Much to the relief of traders, the crypto market has started the month of October on a positive note.
Thanks largely to gains being made by alt coins, the entire value of the market has risen 0.5% over the last 24 hours to US$222.5 billion according to Coin Market Cap.
So far the Bitcoin price has not taken off as many technical analysts have predicted, but one person that remains bullish on the crypto giant is Malta’s Prime Minister Joseph Muscat.
According to Forbes, the Maltese leaders used his United Nation’s General Assembly address to speak about cryptocurrencies and blockchain technology.
He told fellow leaders that: “I passionately believe technology revolutionizes and improves systems. This is why in Malta, we have launched ourselves as the blockchain island. By being the first jurisdiction worldwide to regulate this new technology that previously existed in a legal vacuum. Blockchain makes cryptocurrencies inevitable future of money. More transparent, it helps filter good business from bad business.”
Here is the state of play on Tuesday morning compared to 24 hours ago:
The Bitcoin (BTC) price has fallen 0.1% to US$6,586.48, reducing its market capitalisation to US$113.9 billion.
The Ethereum (ETH) price has risen 0.1% to US$230.53. This has lifted its market capitalisation to US$23.6 billion.
The Ripple (XRP) price has climbed 2% to 58.62 U.S. cents, lifting its market capitalisation to US$23.4 billion and putting it within touching distance of Ethereum.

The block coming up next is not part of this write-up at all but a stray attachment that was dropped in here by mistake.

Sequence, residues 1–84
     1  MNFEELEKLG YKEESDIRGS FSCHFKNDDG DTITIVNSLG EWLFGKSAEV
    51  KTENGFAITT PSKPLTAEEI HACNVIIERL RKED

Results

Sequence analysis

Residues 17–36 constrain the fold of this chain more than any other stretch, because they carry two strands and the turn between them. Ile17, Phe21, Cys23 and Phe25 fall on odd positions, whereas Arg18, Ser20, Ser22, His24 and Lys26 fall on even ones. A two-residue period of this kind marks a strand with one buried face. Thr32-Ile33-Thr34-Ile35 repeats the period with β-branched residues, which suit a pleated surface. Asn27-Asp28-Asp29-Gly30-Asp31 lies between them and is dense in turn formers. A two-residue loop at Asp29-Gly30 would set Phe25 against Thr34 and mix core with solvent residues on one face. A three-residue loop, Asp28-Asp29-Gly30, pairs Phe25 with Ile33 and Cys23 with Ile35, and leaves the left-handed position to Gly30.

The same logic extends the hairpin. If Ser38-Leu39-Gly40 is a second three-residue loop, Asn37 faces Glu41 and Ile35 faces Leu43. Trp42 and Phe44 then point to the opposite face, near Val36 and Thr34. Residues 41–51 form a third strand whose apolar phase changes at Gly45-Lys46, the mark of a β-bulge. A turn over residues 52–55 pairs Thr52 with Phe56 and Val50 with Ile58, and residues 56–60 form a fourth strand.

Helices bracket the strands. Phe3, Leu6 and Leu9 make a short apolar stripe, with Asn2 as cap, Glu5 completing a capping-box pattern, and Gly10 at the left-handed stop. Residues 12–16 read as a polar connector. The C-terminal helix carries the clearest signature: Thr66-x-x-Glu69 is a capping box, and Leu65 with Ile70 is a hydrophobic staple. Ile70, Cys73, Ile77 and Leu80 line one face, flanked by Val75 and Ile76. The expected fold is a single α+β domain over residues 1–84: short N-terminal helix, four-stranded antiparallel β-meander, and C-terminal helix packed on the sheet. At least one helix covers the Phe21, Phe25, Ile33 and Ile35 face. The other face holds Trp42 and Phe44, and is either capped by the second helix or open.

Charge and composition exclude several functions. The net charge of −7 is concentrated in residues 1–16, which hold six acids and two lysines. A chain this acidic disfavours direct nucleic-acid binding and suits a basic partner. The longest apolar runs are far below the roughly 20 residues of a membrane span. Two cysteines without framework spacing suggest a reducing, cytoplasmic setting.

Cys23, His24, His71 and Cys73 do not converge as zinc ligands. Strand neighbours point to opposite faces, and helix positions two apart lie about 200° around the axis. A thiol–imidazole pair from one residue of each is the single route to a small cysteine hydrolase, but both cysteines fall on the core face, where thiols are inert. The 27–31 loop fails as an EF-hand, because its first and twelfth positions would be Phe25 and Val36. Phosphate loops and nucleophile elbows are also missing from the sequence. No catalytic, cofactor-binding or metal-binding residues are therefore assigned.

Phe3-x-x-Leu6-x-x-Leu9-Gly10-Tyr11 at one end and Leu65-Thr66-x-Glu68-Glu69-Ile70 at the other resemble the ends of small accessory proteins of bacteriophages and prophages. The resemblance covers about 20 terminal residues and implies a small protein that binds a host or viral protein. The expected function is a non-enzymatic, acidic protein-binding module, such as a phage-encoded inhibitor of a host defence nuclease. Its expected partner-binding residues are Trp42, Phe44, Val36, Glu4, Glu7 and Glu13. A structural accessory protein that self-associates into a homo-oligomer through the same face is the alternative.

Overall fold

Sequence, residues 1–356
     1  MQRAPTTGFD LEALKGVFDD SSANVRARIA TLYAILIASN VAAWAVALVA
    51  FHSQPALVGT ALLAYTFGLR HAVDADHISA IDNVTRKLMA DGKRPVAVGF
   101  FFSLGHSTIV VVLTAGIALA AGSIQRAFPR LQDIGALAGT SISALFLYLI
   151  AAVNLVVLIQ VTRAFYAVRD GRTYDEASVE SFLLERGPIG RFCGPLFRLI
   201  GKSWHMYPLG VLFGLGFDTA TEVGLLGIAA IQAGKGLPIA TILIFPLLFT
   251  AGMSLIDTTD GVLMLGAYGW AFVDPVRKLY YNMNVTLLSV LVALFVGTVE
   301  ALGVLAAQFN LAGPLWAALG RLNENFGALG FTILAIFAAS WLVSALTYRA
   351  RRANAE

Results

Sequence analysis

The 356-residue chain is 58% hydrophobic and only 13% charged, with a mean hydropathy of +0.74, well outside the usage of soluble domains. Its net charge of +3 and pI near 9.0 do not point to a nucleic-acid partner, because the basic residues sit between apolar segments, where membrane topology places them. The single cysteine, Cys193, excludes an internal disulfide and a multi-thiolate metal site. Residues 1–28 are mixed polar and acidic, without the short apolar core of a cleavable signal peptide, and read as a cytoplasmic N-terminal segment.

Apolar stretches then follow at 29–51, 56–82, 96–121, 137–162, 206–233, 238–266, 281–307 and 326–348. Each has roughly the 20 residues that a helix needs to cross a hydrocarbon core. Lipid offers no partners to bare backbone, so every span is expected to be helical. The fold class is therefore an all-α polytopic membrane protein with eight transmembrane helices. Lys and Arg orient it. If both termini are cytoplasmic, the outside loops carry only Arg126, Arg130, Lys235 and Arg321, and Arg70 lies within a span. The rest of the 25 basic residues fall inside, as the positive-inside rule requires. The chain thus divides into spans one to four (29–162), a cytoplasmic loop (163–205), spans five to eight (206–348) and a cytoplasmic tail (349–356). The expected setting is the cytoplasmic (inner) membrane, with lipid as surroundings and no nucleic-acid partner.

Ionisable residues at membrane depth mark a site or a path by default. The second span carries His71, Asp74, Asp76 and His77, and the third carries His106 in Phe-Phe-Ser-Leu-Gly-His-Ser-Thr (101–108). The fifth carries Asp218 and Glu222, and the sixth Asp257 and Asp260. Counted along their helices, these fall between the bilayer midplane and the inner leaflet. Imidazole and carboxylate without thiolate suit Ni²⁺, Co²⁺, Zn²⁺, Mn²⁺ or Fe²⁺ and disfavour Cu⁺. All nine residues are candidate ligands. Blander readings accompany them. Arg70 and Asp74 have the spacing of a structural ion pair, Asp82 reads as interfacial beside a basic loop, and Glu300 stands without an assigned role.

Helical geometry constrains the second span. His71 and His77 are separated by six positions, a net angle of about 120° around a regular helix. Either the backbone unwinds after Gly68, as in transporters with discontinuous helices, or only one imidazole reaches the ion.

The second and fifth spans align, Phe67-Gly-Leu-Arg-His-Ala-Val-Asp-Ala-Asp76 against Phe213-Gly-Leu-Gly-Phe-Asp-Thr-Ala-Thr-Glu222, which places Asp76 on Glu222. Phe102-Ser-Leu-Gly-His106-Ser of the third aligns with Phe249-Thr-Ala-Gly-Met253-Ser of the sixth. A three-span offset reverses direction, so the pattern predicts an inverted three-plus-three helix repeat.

The Bitcoin Cash (BCH) price has pushed 0.7% higher to US$529.58. This means the BCH market capitalisation has risen to US$9.2 billion.
The EOS (EOS) price has surged 2.7% higher to US$5.74, giving the alt coin an improved market capitalisation of US$5.2 billion.
Outside the top five things weren’t quite as positive. Although Stellar (XLM) has risen 0.6%, Litecoin (LTC) fell 0.4%, Tether (USDT) dropped 0.3%, Cardano (ADA) fell 0.1%, and Monero (XMR) also dropped 0.1%.
Motley Fool contributor James Mickleboro has no position in any of the stocks mentioned. The Motley Fool Australia has no position in any of the stocks mentioned. We Fools may not all hold the same opinions, but we all believe that considering a diverse range of insights makes us better investors. The Motley Fool has a disclosure policy. This article contains general investment advice only (under AFSL 400691). Authorised by Scott Phillips.